This is an im­mi­nent and a promis­ing trend in the com­mer­cial real es­tate seg­ment. With the im­ple­men­ta­tion of govern­ment mea­sures like the goods and ser­vices tax (GST) the po­ten­tial of ware­hous­ing has only in­creased. These spe­cial zones lend tai­lored ware­hous­ing fa­cil­i­ties that help store the prod­ucts, prior to them be­ing shipped in a struc­tured man­ner. They are also clev­erly lo­cated and well net­worked, thus, of­fer­ing time and value ben­e­fits.

fa­cil­ity Man­age­ment

The com­mer­cial real es­tate space providers are in­vest­ing in tech­nol­ogy for en­ergy man­age­ment, build­ing con­trols, in­te­grated work­place man­age­ment sys­tems among other things. Fa­cil­i­ties man­age­ment is an­other grow­ing seg­ment. As shah puts it, “The last cou­ples of decades have per­ceived an enor­mous surge in non-tra­di­tional busi­nesses. The com­ing years will wit­ness a ma­jor trans­for­ma­tion with fo­cus flex­i­ble and col­lab­o­ra­tive workspaces.” Also, emer­gence of new tech­nolo­gies and in­no­va­tions are in­flu­enc­ing cost ra­tio­nal­iza­tion and pro­duc­tiv­ity op­ti­miza­tion. .

In­deed, an or­ga­ni­za­tion’s prop­erty is its big­gest ex­pense and there­fore, the com­mer­cial real-es­tate in­dus­try is in­creas­ing seek­ing pro­fes­sional ser­vices that help them achieve an op­ti­mum bal­ance be­tween peo­ple, phys­i­cal as­sets and tech­nol­ogy, with the in­tent to max­i­mize value and min­i­mize costs. tariq chauhan, group ceo, efs fa­cil­i­ties ser­vices elu­ci­dated, “Main­tain­ing the build­ing as­set with op­ti­mum ef­fi­ciency and longer life cy­cle can di­rectly en­hance the bot­tom line of the com­pany. Inar­guably, fa­cil­i­ties man­age­ment must be an in­te­gral part of the de­sign and con­struc­tion, span­ning con­tract man­age­ment, fi­nan­cial man­age­ment, change man­age­ment, hu­man re­source man­age­ment and health and safety, in ad­di­tion to core build­ing main­te­nance, util­ity sup­ply and do­mes­tic ser­vices (such as clean­ing and se­cu­rity).” The surge in in­vest­ment in com­mer­cial real-es­tate de­vel­op­ments has trig­gered an ur­gent de­mand for ef­fec­tive and qual­ity fa­cil­i­ties man­age­ment ser­vices. But, the global cul­ture of ser­vice ex­cel­lence is of­ten seen miss­ing when MNCS deal with lo­cal com­pa­nies who have in­ad­e­quately de­fined In­dian stan­dards for the in­dus­try.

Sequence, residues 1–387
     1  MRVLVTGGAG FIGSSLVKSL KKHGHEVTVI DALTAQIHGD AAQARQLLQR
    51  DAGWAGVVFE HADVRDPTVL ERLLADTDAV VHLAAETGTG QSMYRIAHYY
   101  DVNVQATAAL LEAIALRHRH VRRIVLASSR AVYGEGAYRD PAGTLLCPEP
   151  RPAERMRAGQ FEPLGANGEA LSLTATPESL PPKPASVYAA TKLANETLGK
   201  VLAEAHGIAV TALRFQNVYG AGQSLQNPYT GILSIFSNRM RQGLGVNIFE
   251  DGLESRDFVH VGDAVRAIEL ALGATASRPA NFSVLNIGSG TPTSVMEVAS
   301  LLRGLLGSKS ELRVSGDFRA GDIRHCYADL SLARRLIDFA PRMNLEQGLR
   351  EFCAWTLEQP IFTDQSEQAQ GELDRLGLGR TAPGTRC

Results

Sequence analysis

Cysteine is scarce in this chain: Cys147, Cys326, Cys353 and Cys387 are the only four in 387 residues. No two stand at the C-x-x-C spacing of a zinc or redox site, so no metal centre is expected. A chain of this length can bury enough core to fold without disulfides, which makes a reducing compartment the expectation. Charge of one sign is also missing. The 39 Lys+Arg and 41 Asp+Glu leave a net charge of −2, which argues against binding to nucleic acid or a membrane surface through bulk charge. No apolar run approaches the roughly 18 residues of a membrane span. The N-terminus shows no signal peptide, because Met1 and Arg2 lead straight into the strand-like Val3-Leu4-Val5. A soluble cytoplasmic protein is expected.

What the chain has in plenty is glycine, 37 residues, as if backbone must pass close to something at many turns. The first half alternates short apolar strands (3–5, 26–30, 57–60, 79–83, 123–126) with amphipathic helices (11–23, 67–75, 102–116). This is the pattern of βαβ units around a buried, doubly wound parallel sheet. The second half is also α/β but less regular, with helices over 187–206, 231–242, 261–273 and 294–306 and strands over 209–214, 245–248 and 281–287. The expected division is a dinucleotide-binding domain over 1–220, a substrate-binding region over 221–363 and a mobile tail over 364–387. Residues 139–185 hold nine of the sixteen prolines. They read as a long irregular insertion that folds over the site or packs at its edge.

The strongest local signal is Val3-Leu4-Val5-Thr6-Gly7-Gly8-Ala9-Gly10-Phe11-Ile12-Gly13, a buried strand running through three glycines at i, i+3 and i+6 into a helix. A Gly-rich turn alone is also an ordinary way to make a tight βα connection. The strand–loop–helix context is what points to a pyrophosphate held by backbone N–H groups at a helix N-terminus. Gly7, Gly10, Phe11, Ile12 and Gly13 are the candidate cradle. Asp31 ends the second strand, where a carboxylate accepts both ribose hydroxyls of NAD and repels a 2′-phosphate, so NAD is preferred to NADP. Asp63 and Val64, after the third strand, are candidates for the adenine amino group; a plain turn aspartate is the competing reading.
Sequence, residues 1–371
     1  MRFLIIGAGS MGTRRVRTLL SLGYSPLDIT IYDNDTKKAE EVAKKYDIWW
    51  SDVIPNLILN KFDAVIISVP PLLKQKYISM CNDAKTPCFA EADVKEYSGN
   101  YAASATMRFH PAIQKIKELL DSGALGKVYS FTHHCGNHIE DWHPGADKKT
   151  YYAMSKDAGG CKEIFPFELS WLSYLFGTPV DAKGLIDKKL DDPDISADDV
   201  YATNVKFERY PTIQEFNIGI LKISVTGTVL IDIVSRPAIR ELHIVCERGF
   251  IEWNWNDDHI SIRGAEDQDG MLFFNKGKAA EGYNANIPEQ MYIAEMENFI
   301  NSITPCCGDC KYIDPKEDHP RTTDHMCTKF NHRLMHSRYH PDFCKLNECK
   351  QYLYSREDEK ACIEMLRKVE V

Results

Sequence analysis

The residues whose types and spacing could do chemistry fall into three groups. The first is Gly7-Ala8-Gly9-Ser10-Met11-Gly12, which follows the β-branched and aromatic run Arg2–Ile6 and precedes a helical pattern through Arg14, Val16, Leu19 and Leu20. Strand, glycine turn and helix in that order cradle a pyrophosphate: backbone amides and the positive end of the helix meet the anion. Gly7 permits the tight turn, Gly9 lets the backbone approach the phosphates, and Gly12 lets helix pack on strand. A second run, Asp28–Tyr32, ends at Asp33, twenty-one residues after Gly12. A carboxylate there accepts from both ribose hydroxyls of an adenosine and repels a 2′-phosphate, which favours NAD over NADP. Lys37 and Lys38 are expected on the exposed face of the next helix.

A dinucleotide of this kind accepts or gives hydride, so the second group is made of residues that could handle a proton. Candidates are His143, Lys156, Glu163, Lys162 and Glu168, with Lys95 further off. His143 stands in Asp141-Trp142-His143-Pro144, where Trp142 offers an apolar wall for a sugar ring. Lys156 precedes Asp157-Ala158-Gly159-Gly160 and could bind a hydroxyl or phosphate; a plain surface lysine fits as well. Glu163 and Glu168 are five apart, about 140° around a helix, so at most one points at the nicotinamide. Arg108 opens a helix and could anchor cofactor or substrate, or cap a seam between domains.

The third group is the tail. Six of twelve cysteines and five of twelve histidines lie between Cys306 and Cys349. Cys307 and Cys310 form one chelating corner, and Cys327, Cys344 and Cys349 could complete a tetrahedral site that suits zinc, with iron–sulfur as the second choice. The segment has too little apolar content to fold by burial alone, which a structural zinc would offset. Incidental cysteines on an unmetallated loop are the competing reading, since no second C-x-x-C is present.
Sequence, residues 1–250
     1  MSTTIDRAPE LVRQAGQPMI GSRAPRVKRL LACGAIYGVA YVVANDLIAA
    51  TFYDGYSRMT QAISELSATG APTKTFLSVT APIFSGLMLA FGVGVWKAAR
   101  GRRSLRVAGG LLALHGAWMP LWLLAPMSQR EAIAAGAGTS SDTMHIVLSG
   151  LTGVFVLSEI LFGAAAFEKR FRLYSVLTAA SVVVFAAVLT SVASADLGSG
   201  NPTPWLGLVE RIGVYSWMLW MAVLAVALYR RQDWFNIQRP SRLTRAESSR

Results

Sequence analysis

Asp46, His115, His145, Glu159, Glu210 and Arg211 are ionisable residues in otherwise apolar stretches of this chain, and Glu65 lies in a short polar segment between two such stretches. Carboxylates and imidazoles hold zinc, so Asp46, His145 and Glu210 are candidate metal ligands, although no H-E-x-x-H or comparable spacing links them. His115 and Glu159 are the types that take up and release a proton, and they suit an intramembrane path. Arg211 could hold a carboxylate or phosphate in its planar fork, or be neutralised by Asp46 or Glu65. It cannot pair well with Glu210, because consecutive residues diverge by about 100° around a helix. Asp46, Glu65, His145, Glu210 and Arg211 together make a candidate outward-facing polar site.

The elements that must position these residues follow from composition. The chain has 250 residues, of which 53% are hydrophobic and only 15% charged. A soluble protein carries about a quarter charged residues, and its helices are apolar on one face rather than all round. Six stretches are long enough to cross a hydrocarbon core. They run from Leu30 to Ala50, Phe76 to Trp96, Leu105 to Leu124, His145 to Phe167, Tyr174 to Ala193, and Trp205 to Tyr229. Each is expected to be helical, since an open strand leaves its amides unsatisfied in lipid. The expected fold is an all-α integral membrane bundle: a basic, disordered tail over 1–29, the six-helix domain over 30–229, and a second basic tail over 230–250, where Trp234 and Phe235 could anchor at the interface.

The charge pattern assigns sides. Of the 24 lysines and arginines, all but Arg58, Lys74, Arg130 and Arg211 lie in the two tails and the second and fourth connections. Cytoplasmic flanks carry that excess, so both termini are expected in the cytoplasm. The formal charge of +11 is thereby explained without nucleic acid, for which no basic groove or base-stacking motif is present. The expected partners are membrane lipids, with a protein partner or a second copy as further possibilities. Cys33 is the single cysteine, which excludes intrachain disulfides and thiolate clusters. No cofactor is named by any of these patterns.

chauhan ex­plained, “The com­mer­cial prop­erty own­ers pre­fer global and ex­pe­ri­enced cor­po­rate FM ser­vices providers who will cre­ate a com­pelling re­as­sur­ance for end-users, in terms of ex­pe­ri­ence and ser­vice de­liv­ery. How­ever, the con­stant de­mand to cut costs, in­crease prof­its and im­prove ex­ist­ing ser­vice stan­dards pose a ma­jor chal­lenge. Tan­gi­ble ben­e­fits of­fered by qual­ity fa­cil­i­ties man­age­ment ser­vices are es­pe­cially rel­e­vant in the cur­rent en­vi­ron­ment of re­gional fis­cal aus­ter­ity, as an in­te­gral tool for con­tain­ing and man­ag­ing build­ing man­age­ment costs.”

case stud­ies

Mindspace Mad­ha­pur (Hy­der­abad) by K Ra­heja Corp - Mindspace at Mad­ha­pur is a gated busi­ness park spread over 97 acres. De­signed by RSP Con­sul­tants, it serves as the hub for IT, ITES, Tele­com, Pharma, Biotech­nol­ogy and sim­i­lar busi­ness sec­tors. This com­mer­cial space pro­vides re­tail, hos­pi­tal­ity, food courts, en­ter­tain­ment hubs and pre­mium res­i­den­tial of­fer­ings, in ad­di­tion to SEZ and non-sez of­fice spa­ces. Mindspace Mad­ha­pur sports sewage treat­ment, en­ergy con­ser­va­tion tech­niques, so­lar power gen­er­a­tors an­dend to end waste man­age­ment sys­tem. Pi­ra­mal Re­alty first com­mer­cial project – Agastya Cor­po­rate Park in Kurla, Mum­bai sprawls over 16.25 acres and of­fers its oc­cu­pants 50,000 square feet. of land­scaped green­ery amidst a dy­namic, tech­nol­ogy en­abled en­vi­ron­ment. In­te­grated with green­ery are the mod­ern workspaces and fa­cil­i­ties that in­clude a crèche, gym­na­sium, games room, mas­sage room and large ter­races that en­hance em­ployee ex­pe­ri­ence.

Sachin Sand­hir

VIPUL SHAH

TARIQ CHAUHAN

MINDSPACE MAD­HA­PUR

PI­RA­MAL AGASTYA